Coming, Part I

On paper, Chu seems to be a good catch. Formerly a fraternity president at a large city university, he decided to move to the Deep South post-graduation in order to work with children in some of the poorest towns in America. His coming out story is the stuff of movies: he came out just before he was elected as the leader of his brotherhood, subsequently inspiring eight other brothers to also step forward more openly with their sexuality. Blurring lines between being stereotypically gay and being a stereotypical frat boy, he’s been catching up on college ball while accompanied by a cat he owns, loves, and spoils with its own room in his house. According to those who’ve worked with him, he is organizationally crazy; he’s so on top of things that—and this is no exaggeration—he’s about a year and a half ahead of where he should be as far as work he’s accomplished. He’s close with his family, has ambitions to rule the world (or at least pursue graduate work at Harvard), and seems also, from what I hear, to be the life of the party at social events.

So when someone with such a strong personal resume enters your life in the most random and unexpected of ways, it’s a little jolting.

The first time we met was actually more than a month after we first spoke. Or really—in our case—instant messaged. In February, he found me on The Facebook, his excuse being that I worked last year for a non-profit’s summer venture, and he was in the final interview stages with the same program. He said he wanted an insider’s guide on the job I had, as my profile made it clear that I had moved upward in the organization. I was more than willing to help someone who was proactive enough to reach out.

It turns out, however, that he was interested in a little more than my job.

Our online conversation about my non-profit organization turned into a month of chatting back and forth—good conversations that provided a much-needed diversion to long, stressful days in the office, punctuated by friendly cracks and jibes that could’ve been construed as coy had I the knowledge that he was gay. It wasn’t until three weeks into our G-chat dialogues that the all-too definitive g-word surfaced in conversation, and I was able to put two and two together and realize that maybe he was flirting with me. Which, in my current drought of male-to-male gay relations, I didn’t mind.

Just as I realized he was coming on, I found out that he was coming to my city for a conference.

And so, intrigued by this work-turned-online friend-turned- flirt, I decided to give him a try. After all, we had talked for a month—hadn’t it been past time to put a face and voice to the screenname?

Unfortunately, by the time the weekend of his visit arrived, we had forgotten the most important key to actually meeting up—an exchange of our phone numbers. Oops. The meet-up did not seem to be in the cards.

On the weekend of his arrival, my friend Jen gave me a call after my Friday happy hour routine and said that a dinner event she had been organizing wasn’t going so well—only 2/5 participants had shown up to the restaurant on time. She thought she’d invite me to fill in the gaps and inject some additional conversation to the meal—and because I could get there in a jiffy; the restaurant was five minutes away. I thought: eh, why not? I enjoy meeting new people anyway. I asked if I knew either of the two folks, and she replied that I probably didn’t—a girl named Beth from Hawaii and a guy named Chu from Arkansas…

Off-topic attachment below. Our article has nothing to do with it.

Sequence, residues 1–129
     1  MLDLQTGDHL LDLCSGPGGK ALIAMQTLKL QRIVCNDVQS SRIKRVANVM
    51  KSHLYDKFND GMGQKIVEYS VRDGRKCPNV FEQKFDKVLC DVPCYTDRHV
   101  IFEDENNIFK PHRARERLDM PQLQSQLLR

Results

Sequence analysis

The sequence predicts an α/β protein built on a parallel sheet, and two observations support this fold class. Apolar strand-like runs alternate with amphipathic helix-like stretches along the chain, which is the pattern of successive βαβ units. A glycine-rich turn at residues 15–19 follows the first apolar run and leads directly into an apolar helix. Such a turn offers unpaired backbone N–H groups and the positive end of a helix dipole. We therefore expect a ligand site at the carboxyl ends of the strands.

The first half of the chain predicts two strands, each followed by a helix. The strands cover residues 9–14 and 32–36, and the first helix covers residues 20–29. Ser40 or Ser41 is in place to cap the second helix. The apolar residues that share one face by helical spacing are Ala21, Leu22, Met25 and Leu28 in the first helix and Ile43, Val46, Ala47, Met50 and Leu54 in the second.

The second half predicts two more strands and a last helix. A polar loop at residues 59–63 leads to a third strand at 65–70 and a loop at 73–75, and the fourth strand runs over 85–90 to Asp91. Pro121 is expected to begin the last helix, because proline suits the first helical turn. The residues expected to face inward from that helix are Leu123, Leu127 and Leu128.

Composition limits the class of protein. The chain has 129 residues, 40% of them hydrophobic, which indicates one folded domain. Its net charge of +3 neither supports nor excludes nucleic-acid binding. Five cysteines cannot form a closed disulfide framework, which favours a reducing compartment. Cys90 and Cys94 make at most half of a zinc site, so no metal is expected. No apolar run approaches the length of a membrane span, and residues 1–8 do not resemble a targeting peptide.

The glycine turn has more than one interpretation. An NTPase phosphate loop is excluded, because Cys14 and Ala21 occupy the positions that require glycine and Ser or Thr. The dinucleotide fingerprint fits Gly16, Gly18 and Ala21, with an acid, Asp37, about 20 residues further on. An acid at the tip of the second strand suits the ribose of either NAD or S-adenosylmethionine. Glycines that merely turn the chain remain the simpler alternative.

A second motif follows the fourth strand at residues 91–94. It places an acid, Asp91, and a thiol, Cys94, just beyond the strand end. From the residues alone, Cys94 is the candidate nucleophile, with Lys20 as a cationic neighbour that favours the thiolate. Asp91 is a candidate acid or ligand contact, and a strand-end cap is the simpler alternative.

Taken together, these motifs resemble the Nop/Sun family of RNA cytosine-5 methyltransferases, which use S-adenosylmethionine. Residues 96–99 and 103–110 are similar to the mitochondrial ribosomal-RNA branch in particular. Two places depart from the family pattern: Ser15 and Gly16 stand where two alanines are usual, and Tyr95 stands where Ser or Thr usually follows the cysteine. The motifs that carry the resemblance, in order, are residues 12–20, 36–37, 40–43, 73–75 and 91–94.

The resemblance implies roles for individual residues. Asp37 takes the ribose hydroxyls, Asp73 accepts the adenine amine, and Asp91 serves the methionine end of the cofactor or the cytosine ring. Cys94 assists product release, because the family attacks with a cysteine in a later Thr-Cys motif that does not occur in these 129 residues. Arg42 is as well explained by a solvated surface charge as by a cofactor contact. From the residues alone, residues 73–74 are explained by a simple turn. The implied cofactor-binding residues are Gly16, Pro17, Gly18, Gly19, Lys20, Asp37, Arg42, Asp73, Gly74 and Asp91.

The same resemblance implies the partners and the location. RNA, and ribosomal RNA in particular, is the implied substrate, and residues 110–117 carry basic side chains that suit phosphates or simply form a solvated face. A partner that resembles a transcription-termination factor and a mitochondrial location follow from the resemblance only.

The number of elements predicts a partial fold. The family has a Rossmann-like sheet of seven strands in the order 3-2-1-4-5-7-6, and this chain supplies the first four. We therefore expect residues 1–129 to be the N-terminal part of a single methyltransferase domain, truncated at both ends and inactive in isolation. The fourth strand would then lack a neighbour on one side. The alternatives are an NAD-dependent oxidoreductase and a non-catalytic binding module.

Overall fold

Now, if his name had been Joe or Jeff or Matt or Chris, then I probably wouldn’t have given it a second thought. But Chu? Really? The cards were such a tease. A meet-up was apparently going to happen, whether we had set it up or not.

Despite the fact that this was anything but a first date, I somehow felt this first impression to be important. I decided to change into first date-appropriate clothes—casual, but flattering. A splash of cologne. Carefully molded hair. Ready to go.

I arrived at the dinner event and immediately found Jen, and with her, Beth and Chu. The problem of how to first greet someone you’ve been talking to for a while—the awkward handshake or hug dilemma—solved itself, as the group was busy digging its fingers into a bucket of crawfish. Over the course of dinner (and for me, two Shiner Bocks), I learned about Chu in a different way: by seeing him interact in a group setting. He’s a storyteller. The type that throws out humor and drama that either flies or fails. He’s friendly, social, and—despite being in a group setting—managed to pay some extra attention to me, referencing previous conversations we had had. Though this may have alienated the rest of the party for a few moments, for me, it showed me that he was attentive—a listener.

At the end of dinner, Jen had to take Beth and Chu back to their hotel, and closure took the form of “see you all later”; as it turns out, all of us—myself included—would be attending another conference in two weeks. Part of me wished Chu and I had one-on-one time, but I figure that the chance meeting Jen arranged was more interaction than we would’ve gotten otherwise.

Five minutes later, I turned on my computer and checked Gmail. Within a minute, a GChat beep: Chu. We talked for a bit, and though it was 11:30pm, he asked if I wanted to get some ice cream. And underneath that request, the subtext: You. Me. Midnight.

I decided to take him up on his offer.

To be continued….

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